Another tough challenge is the on-going fear of what will happen to the children if something happens to them. “This is something we all worry about,” says Spencer. “In our case, my husband and I are still in relatively good health. In the event that we were unable to care for the kids, our eldest son said he would look after them. While we are grateful for his commitment, we hope that we never have to take him up on the offer. Not all grandparents raising grandchildren have someone to rely on. Then, of course, there is always hope that one day your adult child will be in a position to take back the responsibility of raising their own child.”

Spencer lowers her eyes and takes a pause for thought. “It is heart-breaking,” she says quietly. “This is not what I ever imagined being a grandparent would be like.”

Bjornson adds that coping with the challenges of raising grandchildren is often especially difficult for men. They are often not able to attend the Monday morning meetings or doctor/therapist appointments due to work commitments. It would be ideal, she says, if an evening support group could be set up to provide people who are still working full-time with a place to go for support. The barrier, of course, is lack of funding. While the Transition Society is grateful for the current funding provided by the BC Association for Charitable Gaming, they would love to find another source of funding that would allow them to have an evening support group.

Despite the day-to-day challenges, Spencer says that there are many benefits of having grandparents raising grandchildren– beyond the obvious of keeping them out of an overburdened foster care system and the disruption of being placed in multiple care situations. On the up side is the companionship and unconditional love that a child provides to the senior, as well as the satisfaction in knowing that your grandchildren are living safe and happy lives.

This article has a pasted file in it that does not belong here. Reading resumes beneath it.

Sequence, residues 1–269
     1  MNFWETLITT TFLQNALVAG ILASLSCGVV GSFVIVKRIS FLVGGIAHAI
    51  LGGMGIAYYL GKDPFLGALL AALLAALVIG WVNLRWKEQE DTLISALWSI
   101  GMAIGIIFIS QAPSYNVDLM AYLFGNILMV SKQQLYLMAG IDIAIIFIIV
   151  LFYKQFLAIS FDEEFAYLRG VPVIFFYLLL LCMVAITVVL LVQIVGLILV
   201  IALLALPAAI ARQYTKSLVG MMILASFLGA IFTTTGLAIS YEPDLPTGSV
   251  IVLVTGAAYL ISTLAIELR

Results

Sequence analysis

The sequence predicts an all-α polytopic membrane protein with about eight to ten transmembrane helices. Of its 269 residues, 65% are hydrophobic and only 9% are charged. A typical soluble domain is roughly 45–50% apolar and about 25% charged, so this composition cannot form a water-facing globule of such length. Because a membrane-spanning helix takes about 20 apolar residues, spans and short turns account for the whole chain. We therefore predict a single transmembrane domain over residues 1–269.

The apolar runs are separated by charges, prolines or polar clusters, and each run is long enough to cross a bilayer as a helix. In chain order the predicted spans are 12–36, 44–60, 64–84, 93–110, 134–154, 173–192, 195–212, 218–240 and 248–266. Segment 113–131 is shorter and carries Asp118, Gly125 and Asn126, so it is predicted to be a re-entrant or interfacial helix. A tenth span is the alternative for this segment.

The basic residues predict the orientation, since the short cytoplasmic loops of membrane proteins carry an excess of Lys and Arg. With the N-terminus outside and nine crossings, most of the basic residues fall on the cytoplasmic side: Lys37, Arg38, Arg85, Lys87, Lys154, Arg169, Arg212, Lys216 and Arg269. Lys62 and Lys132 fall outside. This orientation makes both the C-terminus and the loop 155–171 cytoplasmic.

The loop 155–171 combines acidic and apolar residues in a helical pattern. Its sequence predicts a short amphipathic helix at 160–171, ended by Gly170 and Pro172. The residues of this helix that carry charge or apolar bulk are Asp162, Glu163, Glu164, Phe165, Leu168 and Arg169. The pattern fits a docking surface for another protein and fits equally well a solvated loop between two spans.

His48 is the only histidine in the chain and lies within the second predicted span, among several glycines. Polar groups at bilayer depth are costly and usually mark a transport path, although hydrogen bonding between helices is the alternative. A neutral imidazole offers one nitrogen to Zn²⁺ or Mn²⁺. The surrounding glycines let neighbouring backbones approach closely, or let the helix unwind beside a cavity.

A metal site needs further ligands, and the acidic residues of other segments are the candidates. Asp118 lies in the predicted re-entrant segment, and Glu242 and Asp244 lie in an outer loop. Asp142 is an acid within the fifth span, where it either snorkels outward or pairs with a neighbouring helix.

“Research—and common sense—tells us that children need the continuity and security of having ‘roots’ and family traditions,” says Bjarnason. “They need to hear stories about and see pictures of their parent(s) and they need to feel safe, loved and cared for. Although they may feel rejected by their parent(s), they do not feel rejected by the entire family and that is really, really important.

“A recent study in the US found that children placed in the care of extended family members [as opposed to the foster system] have as good an outcome in health and behavior as children raised by both biological parents. Studies of aboriginal families found less suicide amongst children taken into care by family members. Grandparents raising grandchildren are giving an incredible gift to both their adult child and the grandchildren and they should not have to feel like they are alone.”

“If I had to, I would do this all over again,” says Spencer. “My grandchildren mean the world to me. I know they love Frank and me very much and that they are grateful that we are providing them with a home.”

For more information on the Comox Valley Grandparents Raising Grandchildren Support Group contact: Lee Bjarnason:

250-338-4288 or [email protected]

Diana Paige: 250-897-0511 or [email protected]

Similar support groups have been established across Vancouver Island. There are chapters in Victoria, Duncan, Nanaimo and Port Alberni. A new group is being started in Parksville. For more information on these groups call toll free: 1-877-345-9777 or check

*Note: Names and some details of the family featured in this story have been changed to protect their privacy.

One Response to All in the Family

  1. have just finished reading your letter[terri perrin dec 2010] it made me feel a lot better.
    we thought we were the only ones going through this problem hope to read more like this.
    is there a grandparent suport group in surrey.bc
    ed & brenda